top of page
  • Natasha Biscoe

Why the appointment of Kerry McCarthy to the shadow cabinet is good

Dan-Raoul Miranda, 2014

Photograph: Flickr / Dan-Raoul Miranda

Jeremy Corbyn’s appointment of Kerry McCarthy as Shadow Secretary of State for Environment, Food and Rural Affairs at first glance seems strange. Nevertheless, this appointment could instead hail the beginning of a more balanced debate concerning the animal industry.

In vegan magazine Viva!Life McCarthy, MP for Bristol East, described herself as “militant” about reducing meat consumption. Someone who believes in “not eating meat or dairy” intuitively seems an unlikely candidate to be promoting the interests of farmers struggling with low milk prices, flooding, increasing EU regulation, and grain price rises in international markets.

Vegans are by nature more likely to be aware of the benefits to health and the environment of reducing meat consumption. McCarthy will therefore be more likely to voice these benefits, pressuring for more balanced policy in the animal industry than a non-vegan might have done. The concern that she will be too subjective in her role to the detriment of farmers should be small given that the scope for one shadow MP to overhaul an entire system is minimal.

Reducing meat consumption has proven to be a notable way of combating some environmental problems: deforestation, water supply issues ,and climate change. 97% of climate scientists agree that climate change is occurring and that greenhouse gas emissions are the main cause. A significant portion of governmental policy seeks to reduce these emissions.

Per calorie, beef requires 160 times more land than rice or potatoes, producing 11 times more greenhouse gases. The average American consumes 31 animals a year and PETA estimates that adopting a ‘meatless Monday’ diet alone could save 30,000 gallons of water a week, or two small swimming pools a year. Considering the additional two billion people that will need to be fed by 2050, meat consumption is clearly a relevant in any discussion of climate change.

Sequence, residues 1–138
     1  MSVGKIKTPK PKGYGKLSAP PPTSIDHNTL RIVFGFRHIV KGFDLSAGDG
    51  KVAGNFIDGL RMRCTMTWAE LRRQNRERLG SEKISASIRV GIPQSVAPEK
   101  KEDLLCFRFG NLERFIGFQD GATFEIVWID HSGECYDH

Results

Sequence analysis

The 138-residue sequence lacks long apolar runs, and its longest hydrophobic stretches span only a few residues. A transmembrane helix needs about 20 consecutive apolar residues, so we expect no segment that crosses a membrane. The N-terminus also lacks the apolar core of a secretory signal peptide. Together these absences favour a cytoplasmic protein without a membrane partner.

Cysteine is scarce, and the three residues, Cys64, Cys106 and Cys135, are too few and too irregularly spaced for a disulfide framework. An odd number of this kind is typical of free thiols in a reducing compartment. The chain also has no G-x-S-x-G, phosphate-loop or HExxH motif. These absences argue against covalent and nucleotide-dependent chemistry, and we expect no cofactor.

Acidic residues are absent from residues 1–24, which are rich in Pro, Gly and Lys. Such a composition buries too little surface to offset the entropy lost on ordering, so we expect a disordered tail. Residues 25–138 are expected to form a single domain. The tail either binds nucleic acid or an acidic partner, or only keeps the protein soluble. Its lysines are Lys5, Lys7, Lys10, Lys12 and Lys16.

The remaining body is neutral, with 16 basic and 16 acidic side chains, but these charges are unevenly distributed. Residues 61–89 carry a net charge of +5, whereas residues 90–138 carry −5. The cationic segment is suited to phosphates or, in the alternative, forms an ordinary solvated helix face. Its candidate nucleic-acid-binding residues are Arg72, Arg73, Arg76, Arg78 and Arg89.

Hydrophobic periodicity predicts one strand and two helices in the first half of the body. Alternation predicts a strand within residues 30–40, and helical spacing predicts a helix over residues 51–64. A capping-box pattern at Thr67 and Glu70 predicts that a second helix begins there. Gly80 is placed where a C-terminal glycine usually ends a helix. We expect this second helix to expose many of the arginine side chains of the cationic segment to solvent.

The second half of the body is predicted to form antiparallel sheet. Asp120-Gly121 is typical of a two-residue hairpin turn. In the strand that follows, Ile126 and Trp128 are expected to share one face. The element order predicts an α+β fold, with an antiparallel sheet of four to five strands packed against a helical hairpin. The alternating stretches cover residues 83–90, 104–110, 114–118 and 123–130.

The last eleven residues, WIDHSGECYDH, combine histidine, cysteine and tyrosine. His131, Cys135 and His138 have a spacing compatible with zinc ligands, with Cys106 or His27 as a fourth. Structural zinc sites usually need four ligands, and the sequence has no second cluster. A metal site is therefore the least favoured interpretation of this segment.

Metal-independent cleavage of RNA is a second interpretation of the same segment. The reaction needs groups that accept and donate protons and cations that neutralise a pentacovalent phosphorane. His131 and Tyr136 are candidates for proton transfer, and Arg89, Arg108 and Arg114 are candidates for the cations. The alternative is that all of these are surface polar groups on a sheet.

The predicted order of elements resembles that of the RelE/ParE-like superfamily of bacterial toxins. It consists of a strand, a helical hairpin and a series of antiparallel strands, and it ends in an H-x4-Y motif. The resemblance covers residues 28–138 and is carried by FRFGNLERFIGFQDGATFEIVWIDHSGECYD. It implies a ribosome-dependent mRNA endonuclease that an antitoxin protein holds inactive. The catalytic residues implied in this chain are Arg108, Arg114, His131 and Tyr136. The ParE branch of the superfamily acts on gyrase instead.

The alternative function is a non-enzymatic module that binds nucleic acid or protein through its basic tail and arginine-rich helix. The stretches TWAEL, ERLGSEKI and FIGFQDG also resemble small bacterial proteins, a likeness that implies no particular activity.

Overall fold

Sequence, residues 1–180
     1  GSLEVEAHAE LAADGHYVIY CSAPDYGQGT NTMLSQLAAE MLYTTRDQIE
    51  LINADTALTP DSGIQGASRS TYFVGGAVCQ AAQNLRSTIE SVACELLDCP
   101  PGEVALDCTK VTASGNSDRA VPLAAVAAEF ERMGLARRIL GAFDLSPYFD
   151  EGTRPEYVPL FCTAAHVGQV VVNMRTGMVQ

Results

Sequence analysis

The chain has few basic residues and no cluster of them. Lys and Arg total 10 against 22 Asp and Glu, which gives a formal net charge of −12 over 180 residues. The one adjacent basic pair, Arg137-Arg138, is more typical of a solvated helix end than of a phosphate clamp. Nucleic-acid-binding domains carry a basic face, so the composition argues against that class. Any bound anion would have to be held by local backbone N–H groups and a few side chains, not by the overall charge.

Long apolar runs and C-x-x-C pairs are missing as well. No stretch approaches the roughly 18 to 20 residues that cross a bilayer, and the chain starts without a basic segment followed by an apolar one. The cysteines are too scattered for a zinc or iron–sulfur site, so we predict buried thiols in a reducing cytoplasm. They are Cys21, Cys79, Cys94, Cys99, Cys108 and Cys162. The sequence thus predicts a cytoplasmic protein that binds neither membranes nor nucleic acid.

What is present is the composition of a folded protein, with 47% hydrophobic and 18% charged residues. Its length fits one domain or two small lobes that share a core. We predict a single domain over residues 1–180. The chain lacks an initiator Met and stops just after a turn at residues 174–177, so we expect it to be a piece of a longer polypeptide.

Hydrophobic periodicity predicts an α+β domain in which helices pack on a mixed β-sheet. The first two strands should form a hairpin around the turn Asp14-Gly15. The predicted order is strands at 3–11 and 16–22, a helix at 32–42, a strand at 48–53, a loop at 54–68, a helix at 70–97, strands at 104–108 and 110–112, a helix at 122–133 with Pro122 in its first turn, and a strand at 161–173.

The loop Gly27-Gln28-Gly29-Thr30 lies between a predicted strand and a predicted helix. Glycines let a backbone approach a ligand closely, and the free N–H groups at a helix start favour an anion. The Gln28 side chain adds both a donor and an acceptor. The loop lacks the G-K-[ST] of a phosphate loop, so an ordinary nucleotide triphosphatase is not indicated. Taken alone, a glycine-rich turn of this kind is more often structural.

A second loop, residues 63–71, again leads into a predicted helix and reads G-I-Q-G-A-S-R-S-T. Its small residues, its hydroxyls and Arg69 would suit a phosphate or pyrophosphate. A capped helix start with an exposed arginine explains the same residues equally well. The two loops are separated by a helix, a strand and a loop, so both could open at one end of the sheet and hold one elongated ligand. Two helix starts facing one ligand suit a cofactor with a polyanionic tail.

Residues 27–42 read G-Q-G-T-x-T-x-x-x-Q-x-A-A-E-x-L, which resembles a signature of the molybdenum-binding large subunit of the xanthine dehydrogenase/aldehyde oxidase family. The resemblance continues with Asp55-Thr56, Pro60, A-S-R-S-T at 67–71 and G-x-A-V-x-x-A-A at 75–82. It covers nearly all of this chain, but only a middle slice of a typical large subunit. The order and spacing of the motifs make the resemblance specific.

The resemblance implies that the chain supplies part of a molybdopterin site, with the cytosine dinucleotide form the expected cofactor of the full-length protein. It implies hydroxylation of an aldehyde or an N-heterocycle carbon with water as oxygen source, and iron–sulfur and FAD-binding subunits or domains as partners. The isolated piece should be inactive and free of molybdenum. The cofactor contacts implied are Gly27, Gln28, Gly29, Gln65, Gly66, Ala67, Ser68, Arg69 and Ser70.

In addition to the benefits for the environment, a momentous October publication by the World Health Organisation confirmed the health benefits of reducing meat consumption. Studies produced by WHO demonstrate that there is ‘strong mechanistic evidence supporting a carcinogenic effect [of consuming red meat]’. It is now classified by WHO as a Group 1 carcinogenic. Dr. Christopher Wild, Director of International Agency for Research on Cancer commented that ‘these findings further support current public health recommendations to limit intake of meat’. This is significant evidence to start a debate on meat consumption.

This isn’t to deny that farming is an important industry for the UK economy and for the 0.7% of the population whose livelihoods depend on it. Being vegan, however need not mean McCarthy be biased towards policies that harm the interests of farmers. As vegans make up only 0.1% of the UK population, there is an electoral interest for her to appeal to the remaining 99.9%.

Most people see it as important to look after the welfare of animals, openly voicing their commitment to the ‘humane’ treatment of those animals. This was recently demonstrated by ‘Animals Australia’ in a public experiment. The public were asked if they were comforted by the description of animals being killed in ‘the most humane way’ but many were appalled when shown footage. The realities of routine practices that would shock most people are disguised in discussions concerning meat.

As a vegan, and having more awareness of these practices, McCarthy is arguably better able to make the debate more transparent. Being in a high profile position, she is able to expose the more sinister side of the industry and promote the benefits of reducing meat intake. She is now in a position to promote policies that increase animal welfare in the industry, something which everyone would endorse.

bottom of page